Ivanišević quickly became known on the tour for his strong, attacking style of play and for an extremely powerful serve. For several years, he had more aces than anyone else on the tour. He was also known for occasional on-court temper tantrums—usually directed towards himself—and the volatility of the standard of his play. Ivanišević received death threats at the 1992 Australian Men's Hardcourt Championships.[8] He went on to win the tournament.

In 1992, Ivanišević surged his way into his first Wimbledon singles final, having defeated Ivan Lendl, Stefan Edberg, and Pete Sampras in succession. Ivanišević's 6–7, 7–6, 6–4, 6–2 semifinal victory over Sampras was particularly impressive, with Ivanišević serving 36 aces and not even facing a break point in the entire match. In the final, Ivanišević faced Andre Agassi and was heavily favored to win; with both players attempting to win their first Grand Slam title. Agassi eventually won 6–7, 6–4, 6–4, 1–6, 6–4. In the fifth set, Ivanišević had a break point on Agassi's serve at 3–3, but failed to convert it. In the final game of the match, Ivanišević served 2 double faults to start the game, even though he had only served 5 double faults in the entire match before that. Ivanišević's ace count for the tournament (206) was the highest in Wimbledon history at the time, until Ivanišević beat his own record in 2001 with 213 aces. Ivanišević served 37 aces in the 1992 Wimbledon final against Agassi, while Agassi had 37 aces in the entire tournament. It was a tough loss, but as Ivanišević was only 20 years old, a bright future was predicted. Later that summer at the Olympic Games in Barcelona, Ivanišević won bronze medals in both singles and doubles representing Croatia, a state that had only recently declared independence; he also served as flagbearer for the Croatian team at the opening ceremony. In order to earn his single bronze medal, he won 4 consecutive 5-sets matches, a unique feat in the open era. He also won four singles titles that year.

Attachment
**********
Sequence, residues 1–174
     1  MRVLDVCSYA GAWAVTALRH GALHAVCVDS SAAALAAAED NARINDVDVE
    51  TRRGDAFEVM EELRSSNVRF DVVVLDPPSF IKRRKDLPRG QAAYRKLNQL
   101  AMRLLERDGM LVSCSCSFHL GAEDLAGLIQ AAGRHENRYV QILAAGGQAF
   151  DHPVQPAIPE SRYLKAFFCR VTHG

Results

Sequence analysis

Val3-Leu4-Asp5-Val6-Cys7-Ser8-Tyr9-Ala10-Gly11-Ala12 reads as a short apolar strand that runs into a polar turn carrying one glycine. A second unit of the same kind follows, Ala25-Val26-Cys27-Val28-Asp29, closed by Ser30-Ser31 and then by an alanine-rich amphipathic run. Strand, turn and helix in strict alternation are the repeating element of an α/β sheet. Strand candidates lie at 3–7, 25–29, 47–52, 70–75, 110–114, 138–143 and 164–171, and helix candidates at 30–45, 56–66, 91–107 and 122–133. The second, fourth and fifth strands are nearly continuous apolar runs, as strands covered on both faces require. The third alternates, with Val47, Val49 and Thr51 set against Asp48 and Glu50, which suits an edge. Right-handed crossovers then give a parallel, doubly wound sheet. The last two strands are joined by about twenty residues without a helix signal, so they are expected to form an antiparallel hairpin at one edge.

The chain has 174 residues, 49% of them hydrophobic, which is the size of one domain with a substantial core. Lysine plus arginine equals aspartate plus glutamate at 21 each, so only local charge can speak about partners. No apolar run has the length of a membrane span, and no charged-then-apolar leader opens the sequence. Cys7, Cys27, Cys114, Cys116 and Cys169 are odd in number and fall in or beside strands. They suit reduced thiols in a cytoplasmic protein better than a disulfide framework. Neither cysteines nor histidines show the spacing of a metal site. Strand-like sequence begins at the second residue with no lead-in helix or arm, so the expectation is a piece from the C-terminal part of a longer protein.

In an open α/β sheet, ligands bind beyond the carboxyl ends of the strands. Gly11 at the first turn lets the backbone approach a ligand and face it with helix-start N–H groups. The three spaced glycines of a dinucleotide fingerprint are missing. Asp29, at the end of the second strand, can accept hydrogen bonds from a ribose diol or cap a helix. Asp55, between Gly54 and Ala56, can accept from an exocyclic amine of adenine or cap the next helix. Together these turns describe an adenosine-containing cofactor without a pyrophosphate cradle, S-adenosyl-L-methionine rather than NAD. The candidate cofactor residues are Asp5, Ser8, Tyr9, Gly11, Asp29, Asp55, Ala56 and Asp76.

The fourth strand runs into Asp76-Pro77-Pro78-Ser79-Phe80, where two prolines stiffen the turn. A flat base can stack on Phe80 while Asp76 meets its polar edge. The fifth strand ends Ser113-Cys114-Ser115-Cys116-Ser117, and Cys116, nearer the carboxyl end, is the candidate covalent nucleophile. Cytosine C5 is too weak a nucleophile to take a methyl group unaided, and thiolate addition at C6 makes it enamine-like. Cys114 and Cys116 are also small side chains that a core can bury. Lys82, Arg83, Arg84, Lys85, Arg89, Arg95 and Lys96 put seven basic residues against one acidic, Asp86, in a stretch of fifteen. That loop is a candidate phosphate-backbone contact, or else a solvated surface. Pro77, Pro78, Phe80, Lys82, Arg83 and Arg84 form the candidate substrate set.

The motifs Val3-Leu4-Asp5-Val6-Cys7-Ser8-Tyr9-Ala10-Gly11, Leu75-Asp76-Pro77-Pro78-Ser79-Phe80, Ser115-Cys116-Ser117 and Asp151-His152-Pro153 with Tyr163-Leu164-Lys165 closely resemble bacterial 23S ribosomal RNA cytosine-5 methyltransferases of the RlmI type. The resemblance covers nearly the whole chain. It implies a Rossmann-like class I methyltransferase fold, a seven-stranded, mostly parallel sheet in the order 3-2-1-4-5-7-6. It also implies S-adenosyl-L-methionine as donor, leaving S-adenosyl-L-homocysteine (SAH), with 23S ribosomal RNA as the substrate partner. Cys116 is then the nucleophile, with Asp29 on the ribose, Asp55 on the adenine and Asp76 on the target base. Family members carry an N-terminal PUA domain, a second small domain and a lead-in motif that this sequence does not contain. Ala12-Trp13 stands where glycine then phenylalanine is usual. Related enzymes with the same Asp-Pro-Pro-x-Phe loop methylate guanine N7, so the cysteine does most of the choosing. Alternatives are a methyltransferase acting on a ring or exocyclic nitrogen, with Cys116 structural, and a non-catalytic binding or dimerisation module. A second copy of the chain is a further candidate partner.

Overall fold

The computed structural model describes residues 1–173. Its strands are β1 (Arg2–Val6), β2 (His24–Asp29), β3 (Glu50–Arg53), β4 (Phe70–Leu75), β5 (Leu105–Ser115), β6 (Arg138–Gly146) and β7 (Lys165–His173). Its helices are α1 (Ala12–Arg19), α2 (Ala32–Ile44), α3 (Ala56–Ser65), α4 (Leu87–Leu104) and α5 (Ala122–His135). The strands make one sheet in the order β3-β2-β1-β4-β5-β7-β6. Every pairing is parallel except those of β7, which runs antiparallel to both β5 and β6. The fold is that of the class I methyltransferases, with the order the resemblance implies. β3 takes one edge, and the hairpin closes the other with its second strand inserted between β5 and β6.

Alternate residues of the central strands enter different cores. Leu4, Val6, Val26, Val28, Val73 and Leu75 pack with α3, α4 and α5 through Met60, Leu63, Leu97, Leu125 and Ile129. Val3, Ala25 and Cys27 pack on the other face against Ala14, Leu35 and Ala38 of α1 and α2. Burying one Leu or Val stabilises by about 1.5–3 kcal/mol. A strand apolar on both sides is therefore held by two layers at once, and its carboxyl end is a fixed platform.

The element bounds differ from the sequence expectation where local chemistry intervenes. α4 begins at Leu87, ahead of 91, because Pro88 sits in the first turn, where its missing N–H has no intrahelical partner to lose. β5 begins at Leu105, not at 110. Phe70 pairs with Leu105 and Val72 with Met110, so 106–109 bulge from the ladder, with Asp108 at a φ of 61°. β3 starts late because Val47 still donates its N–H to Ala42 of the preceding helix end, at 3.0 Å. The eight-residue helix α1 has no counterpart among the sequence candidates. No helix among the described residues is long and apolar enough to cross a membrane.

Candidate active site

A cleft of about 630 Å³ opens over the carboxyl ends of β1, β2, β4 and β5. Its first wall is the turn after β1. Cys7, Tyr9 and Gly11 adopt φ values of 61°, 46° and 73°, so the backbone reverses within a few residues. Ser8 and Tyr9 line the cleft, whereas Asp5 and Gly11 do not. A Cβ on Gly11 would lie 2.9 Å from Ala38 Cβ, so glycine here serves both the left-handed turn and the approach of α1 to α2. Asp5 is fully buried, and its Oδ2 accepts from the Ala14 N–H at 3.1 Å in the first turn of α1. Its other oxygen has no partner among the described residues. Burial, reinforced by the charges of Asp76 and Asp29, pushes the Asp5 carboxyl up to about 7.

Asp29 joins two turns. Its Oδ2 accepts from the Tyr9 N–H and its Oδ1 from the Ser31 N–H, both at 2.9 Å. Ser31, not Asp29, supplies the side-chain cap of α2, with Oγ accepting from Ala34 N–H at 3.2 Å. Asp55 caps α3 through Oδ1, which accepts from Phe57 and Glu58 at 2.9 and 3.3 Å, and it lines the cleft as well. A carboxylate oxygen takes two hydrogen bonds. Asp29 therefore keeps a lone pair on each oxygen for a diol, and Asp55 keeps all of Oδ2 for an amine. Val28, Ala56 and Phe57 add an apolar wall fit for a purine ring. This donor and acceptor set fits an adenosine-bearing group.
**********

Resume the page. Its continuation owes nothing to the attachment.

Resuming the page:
Ivanišević reached the Wimbledon final for the second time in 1994, where he was defeated by defending-champion Pete Sampras 7–6, 7–6, 6–0. Ivanišević reached his career-high singles ranking of world No. 2 in July that year.

In 1995, Ivanišević won the Grand Slam Cup, beating Todd Martin in the final 7–6, 6–3, 6–4. At Wimbledon, Ivanišević lost in the semifinals to Sampras 6–7, 6–4, 3–6, 6–4, 3–6.

In 1996, Ivanišević won a career-best five singles titles in a calendar year. He reached the Grand Slam Cup final again, but this time lost to Becker in straight sets. Ivanišević also teamed with Iva Majoli to win the 1996 Hopman Cup for Croatia. That year Ivanišević also defeated Stefan Edberg to reach the semifinals of the U.S. Open, his first Grand Slam semifinal away from Wimbledon; the match was the last Grand Slam match of Edberg's career. In the semifinals, Ivanišević fell again to Sampras, in four sets; Sampras would go on to defeat Michael Chang to win his fourth U.S. Open championship.